Denmark and Inter Milan midfielder Eriksen dropped to the ground at the Parken Stadium in Copenhagen shortly before halftime and was treated on the pitch before being taken to hospital.
The Danish Football Federation said on Sunday morning that Eriksen is “stable” and he remains in hospital.
In a statement on Twitter, the Danish FA said: “Latest news: This morning we have spoken to Christian Eriksen, who has sent his greetings to his teammates.
“His condition is stable and he continues to be hospitalised for further examination.”
Professor Sanjay Sharma, a professor of sports cardiology at London’s St George’s University who worked with Eriksen during his time at Tottenham Hotspur, said football bodies would likely to be “very strict” about allowing the 29-year-old to play again.
“Clearly something went terribly wrong,” Prof Sharma said.
“But they managed to get him back, the question is what happened? And why did it happen?
“This guy had normal tests all the way up to 2019 so how do you explain this cardiac arrest?”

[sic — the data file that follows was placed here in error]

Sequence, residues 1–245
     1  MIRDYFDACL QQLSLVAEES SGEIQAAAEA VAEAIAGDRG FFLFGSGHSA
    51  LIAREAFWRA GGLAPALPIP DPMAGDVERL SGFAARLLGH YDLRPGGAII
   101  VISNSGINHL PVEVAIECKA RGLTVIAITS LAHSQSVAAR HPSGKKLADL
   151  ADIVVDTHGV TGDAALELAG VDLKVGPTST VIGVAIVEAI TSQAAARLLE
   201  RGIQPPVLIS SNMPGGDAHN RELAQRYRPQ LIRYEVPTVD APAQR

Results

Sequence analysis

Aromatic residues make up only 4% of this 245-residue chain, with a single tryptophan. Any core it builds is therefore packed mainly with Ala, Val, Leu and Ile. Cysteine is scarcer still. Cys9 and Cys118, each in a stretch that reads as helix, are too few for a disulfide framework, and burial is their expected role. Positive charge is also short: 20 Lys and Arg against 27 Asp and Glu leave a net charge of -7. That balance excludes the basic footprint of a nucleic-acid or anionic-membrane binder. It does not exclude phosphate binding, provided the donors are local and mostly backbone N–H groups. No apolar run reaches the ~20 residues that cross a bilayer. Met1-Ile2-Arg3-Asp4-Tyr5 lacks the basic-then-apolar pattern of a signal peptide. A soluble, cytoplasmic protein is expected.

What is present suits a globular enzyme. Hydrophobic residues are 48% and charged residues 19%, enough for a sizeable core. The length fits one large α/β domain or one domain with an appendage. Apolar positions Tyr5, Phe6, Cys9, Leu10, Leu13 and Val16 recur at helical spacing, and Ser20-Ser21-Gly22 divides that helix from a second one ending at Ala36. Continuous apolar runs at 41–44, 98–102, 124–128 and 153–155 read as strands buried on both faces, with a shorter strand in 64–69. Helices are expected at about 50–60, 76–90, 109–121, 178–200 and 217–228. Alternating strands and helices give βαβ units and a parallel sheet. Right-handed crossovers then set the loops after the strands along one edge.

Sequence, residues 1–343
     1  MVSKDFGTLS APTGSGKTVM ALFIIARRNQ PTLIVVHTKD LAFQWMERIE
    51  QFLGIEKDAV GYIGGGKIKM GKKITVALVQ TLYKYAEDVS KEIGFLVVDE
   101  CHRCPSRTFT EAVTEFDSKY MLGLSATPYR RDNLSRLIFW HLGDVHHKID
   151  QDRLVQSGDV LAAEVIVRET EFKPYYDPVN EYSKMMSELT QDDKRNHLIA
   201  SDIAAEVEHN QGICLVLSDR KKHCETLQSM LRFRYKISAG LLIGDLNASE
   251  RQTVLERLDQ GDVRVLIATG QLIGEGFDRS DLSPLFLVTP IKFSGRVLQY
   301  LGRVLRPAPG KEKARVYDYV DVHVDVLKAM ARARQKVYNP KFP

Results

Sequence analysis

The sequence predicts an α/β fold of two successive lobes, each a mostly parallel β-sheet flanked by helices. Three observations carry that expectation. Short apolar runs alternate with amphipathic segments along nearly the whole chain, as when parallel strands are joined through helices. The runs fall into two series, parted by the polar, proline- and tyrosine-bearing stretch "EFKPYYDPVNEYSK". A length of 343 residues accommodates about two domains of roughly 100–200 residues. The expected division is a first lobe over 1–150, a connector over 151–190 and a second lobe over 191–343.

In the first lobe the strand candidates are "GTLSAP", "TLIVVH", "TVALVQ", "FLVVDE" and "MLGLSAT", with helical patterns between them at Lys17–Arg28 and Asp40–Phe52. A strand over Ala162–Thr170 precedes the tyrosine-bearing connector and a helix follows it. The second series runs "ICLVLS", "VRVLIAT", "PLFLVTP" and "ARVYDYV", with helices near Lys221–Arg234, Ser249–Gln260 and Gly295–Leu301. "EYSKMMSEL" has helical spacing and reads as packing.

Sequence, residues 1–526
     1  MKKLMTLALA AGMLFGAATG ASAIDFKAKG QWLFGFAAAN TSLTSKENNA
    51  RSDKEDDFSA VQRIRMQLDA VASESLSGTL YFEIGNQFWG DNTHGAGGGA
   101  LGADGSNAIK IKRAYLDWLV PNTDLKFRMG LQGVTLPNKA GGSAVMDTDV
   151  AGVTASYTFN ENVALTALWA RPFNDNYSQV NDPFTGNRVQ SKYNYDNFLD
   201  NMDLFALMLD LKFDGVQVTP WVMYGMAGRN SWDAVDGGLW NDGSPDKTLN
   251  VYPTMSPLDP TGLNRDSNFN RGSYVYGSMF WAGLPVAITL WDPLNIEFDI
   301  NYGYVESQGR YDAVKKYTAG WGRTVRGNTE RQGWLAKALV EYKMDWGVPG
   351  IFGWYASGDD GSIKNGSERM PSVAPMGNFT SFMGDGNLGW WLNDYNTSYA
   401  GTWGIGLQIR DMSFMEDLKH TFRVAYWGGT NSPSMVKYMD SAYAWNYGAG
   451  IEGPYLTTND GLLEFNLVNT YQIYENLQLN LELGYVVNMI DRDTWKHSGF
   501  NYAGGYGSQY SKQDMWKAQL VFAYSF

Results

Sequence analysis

Denmark team doctor Morten Boesen said Eriksen received life-saving cardiac massage treatment on the pitch but was able to speak before being taken to hospital.
“We were called onto the field when Christian collapsed. He was lying on his side when we approached him and there was respiration and pulse,” Boesen said post-match.
“But that picture changed and he then received life-saving cardiac massage. We quickly got help from the stadium doctor and we got Christian back.”
Prof Sharma, who chairs the Football Association’s expert cardiac consensus group said he was “pleased” by news that Eriksen was awake in hospital.
“The fact he’s stable and awake, his outlook is going to be very good,” he told the PA news agency.
“I don’t know whether he’ll ever play football again.
“Without putting it too bluntly, he died today, albeit for a few minutes, but he did die and would the medical professional allow him to die again?
“The answer is no.”
Sharma added that it would be up to both the player and his club to assess the risks of continuing to play.
“His cardiac arrest has rocked the entire nation today and that’s what happens. It’s not just them that it affects, it’s the psyche of so many people,” he said.
“The good news is he will live, the bad news is he was coming to the end of his career, so would he play another professional football game, that I can’t say.
“In the UK he wouldn’t play. We’d be very strict about it.”Jump to next article